June Update from WiRED’s Community Health Workers in Kenya
Providing a Model to Boost Local Health
By Allison Kozicharow; Edited by Elizabeth Fine
WiRED International reports that during the month of June 2022, 12 community health workers (CHWs) in Kisumu, Kenya, reached a total of 5,408 people with health services. Working 24 hours per week, each of the CHWs met with at least 56 patients a week, and the largest number seen in a week by a single CHW was 151, most of them in health training classes.
3. Mental health
5. Teenage pregnancy
6. Environmental health
Drug abuse in Kisumu is also a topic that concerns many CHWs. The following testimonials illustrate that concern — and the impact CHWs are making in their community as trusted go-to sources for issues of health and preventive practices.
There is a lot of talk about drugs and substance abuse in the community, on the street, at school, on the Internet and on television — some of it true, some not. As I was teaching a group about drugs, I realized that much of what people hear about drugs actually comes from those people selling them. Reformed drug dealers have confessed that they would have said anything to get others to buy drugs. I tell teenagers not to be fooled; they need facts to avoid getting hooked on drugs. The most common feedback I get after teaching my classes is that people take drugs to change something in their lives; they think drugs are a solution but then the drugs become the problem. That is why WiRED International offers information for better understanding of all types of drugs.
I led a session with young men ages 15 to 23 years in which we discussed drug abuse. I find that drug abuse is still rampant among young people, attributable to peer influence and easy access to drugs. Most interestingly, these young men don’t have a specific drug they are using. They mix all of them. The most common drugs include bhang (a type of cannabis), cigarettes, alcohol and cocaine. They are not aware of the risks and consequences of taking drugs, both short and long term, which I made them understand during our discussion. Proper sensitization is still needed to enable them to have adequate information on the dangers of drugs.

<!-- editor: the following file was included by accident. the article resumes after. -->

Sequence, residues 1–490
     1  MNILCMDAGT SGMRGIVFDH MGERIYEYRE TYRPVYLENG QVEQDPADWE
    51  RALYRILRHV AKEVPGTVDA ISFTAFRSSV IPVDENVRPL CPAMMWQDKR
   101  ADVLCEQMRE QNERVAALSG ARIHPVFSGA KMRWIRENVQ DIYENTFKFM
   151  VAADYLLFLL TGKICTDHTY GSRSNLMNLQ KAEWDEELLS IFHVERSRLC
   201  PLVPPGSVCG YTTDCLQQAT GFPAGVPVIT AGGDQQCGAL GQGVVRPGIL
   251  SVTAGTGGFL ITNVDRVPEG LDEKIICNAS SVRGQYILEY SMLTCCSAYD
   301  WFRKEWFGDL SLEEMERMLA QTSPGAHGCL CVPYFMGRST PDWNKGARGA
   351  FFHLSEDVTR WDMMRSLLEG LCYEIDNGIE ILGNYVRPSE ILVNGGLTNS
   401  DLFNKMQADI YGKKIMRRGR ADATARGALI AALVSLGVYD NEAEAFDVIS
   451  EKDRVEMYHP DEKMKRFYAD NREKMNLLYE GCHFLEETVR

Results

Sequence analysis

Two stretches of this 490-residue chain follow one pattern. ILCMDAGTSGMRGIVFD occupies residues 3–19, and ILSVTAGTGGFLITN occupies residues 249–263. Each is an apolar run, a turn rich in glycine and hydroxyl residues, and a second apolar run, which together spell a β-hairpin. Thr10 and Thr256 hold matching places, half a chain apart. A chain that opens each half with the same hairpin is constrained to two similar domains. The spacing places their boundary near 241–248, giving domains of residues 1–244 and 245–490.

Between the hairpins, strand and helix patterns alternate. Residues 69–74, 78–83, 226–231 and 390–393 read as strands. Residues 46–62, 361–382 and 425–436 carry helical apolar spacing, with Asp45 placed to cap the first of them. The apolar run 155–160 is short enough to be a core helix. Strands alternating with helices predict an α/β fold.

I visited a home and talked to a woman and her children about malaria and COVID-19 but mainly about drug abuse. The mother shared that her husband is an alcoholic and addicted to marijuana and that he is violent and doesn’t support the family. I advised her to report the matter to the authorities or to an NGO that deals with gender-based violence to get help for her and her children. I also advised her to try to get her husband into rehabilitation and explained the benefits. The woman said she would try to speak to her husband, and, if things don’t change, she will seek help from an NGO for financial, emotional, mental and physical support.
WiRED’s CHW and CME Programs
Last year WiRED began training CHWs in Kenya, India, Nicaragua and Peru, using a World Health Organization-compliant curriculum. The 140-hour course covers health basics, infectious and non-communicable diseases, patient assessment, clinical issues, health teaching and surveillance. Students who successfully complete a comprehensive final exam are awarded a certificate confirming course completion.
All CHWs are required to earn 50 continuing medical education (CME) units to maintain their certification. This CME program enables CHWs to reinforce their knowledge and learn new skills. They stay current on scientific findings and the latest diagnostics and treatments for health conditions that may impact their communities.
Today, in 2022, locally trained CHWs handle community health concerns using WiRED’s materials covering hundreds of health topics, and they have become relied-upon sources for medical issues.